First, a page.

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Hm. Most of your points seem to come from an incomplete understanding of Perl. Let me address a couple of big ones:

  • PHP is built from the ground-up with database functionality built in, particularly MySQL functionality. Perl is not.

    Perl's database capabilities are impressive. DBI is a flexible system that supports Oracle, MySQL, Sybase, any ODBC source, and many more. Built upon it are things like the DBIx family of modules that allow for robust database access without writing SQL.

    Perl may not have had database support early in its life, but as it currently stands, its support is much more mature and robust than PHP's.

  • In Perl, however, programmers are encouraged to use print statements to generate the HTML. True it is possible to implement templates in Perl (with more difficulty than in PHP) to separate code and HTML, but 90% of sample Perl code on the web doesn't do that.

    Programmers are most decidedly not encouraged to use print statements to generate HTML. Programmers are encouraged to use Template Toolkit, HTML::Template, or other easy-to-use templating systems. Of course, Perl lets developers shoot themeselves in the foot -- but so does PHP.

    Later in the same point, you say "An important code management technique for programmers is separating code from data", and templating systems do that. Marking PHP code between <? and ?> is not separation of code and data -- it's inclusion of code (PHP) in data (HTML markup).


    <p>This is a paragraph with some <? print($generated_content) ?> in PH +P.</p>
    That's code right inside the data. Compare:
    <p>This is a paragraph with some <TMPL_VAR generated_content> using HT +ML::Template</p>

    That's a placeholder for code to act on. And that's separation of code and data.

  • Perl scripts tend to have more security holes. This is because PHP has built-in a lot of the internal operations of dealing with web page requests and serving information.

    True, PHP has web functionality in the core language since it was developed with the intent of being a web language. However, to suggest that dealing with page requests and serving information is something that each Perl developer has to deal with in their own way is naive. Included with every modern Perl distribution (that is, it's in the Perl core) is the CGI framework, which handles all of the web-request architecture. Trivially available from CPAN are such things as CGI::Application, CGI::Simple, the FastCGI extensions, even complete web-application frameworks like Mason and Catalyst.

  • PHP is easy to learn in comparison to Perl. ... The Perl style of programming is unique, and thus not universally applicable to or from other programming languages.

    PHP was developed with much of the Perl style in mind, and the styles between the two are very similar. PHP does allow a new developer to go from zero to web-enabled app very quickly (which has a lot to do with it's popularity for web apps, no doubt). However, nothing about PHP makes it easier to write good applications when compared to any other language.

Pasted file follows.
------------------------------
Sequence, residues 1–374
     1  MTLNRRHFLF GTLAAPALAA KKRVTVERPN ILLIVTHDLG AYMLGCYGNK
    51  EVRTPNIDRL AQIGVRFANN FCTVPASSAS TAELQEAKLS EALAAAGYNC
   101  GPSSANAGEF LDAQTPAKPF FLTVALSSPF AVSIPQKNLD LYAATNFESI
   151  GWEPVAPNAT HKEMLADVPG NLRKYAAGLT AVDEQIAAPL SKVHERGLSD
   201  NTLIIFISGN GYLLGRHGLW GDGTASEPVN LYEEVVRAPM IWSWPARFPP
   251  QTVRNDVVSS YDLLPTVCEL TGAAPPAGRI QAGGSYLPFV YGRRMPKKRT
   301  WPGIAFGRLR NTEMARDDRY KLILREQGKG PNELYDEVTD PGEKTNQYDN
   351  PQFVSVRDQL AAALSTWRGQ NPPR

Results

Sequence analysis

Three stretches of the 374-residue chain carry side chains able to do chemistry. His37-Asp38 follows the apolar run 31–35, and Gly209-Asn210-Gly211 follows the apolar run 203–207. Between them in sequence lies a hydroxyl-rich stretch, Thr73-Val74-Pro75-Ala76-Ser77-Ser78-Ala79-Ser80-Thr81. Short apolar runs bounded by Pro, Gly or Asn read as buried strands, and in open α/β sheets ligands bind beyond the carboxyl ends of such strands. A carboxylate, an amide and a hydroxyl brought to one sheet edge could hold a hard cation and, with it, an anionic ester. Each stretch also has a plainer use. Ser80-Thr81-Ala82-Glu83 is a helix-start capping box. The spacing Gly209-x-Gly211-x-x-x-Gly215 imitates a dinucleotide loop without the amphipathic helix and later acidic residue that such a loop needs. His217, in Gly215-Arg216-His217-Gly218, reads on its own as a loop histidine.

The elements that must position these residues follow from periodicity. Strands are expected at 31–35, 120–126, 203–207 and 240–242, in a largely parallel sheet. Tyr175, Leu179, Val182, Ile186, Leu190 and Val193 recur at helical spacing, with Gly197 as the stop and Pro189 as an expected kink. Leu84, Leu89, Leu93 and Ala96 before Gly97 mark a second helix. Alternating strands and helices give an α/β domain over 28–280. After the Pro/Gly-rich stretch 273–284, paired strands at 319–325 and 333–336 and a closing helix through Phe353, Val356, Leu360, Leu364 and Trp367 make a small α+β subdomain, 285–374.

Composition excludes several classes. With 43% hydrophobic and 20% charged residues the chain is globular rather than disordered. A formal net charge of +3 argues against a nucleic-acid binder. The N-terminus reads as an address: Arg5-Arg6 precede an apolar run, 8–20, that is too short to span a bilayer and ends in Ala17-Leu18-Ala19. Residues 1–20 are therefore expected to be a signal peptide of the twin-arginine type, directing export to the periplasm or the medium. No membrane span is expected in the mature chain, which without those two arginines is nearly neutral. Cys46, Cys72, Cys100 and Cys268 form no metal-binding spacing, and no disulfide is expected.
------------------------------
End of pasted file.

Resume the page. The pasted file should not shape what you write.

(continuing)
Perl's style of programming isn't that unique -- it's largely an amalgam of elements from various well-established languages. Perl was one of the first languages I learned, and I found that picking up PHP, Python, Java, and even C were made quite easy with a foundation in Perl. This is because these languages borrow from each other significantly.

  • Accessing web form variables in PHP is straightforward, but in Perl requires either detailed knowledge of either HTTP header formats or one of many Perl CGI libraries.

    Accessing web form variables in Perl is easy and straightforward as well. Perl was designed to be an all-purpose language, so yet you have to use a CGI module. But there isn't a whole lot of knowledge involved. Check it out:

    use CGI::Simple; #standard module import my $cgi = CGI::Simple->new; #standard object creation #now I need to get a copy of the userid form var my $userid = $cgi->param('userid');

    It's just an object accessor. If that's not straightforward enough:

    my %formvar = $cgi->Vars; my $userid = $formvar{userid};
  • PHP code tends to be more consistent and modular than Perl.

    That's just entirely a red herring. Consistency and modularity are no more difficult in Perl than in PHP (or vice-versa). It's up to each developer to be consistent and modular, and it has almost nothing to do with the language choice.

PHP does have some advantages over Perl for certain applications: for example, mod_php is ubiquitously available from inexpensive virtual-hosting providers compared to mod_perl. It is certainly worth comparing the languages in terms of when each is the best choice.

However, to simply assert that PHP is a better language than Perl is naive. Specifically, the justifications for that assertion that you supply above are ill-concieved.

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In reply to Re^4: The REAL reason for why they choose PHP over Perl. by radiantmatrix
in thread The REAL reason for why they choose PHP over Perl. by Spidy

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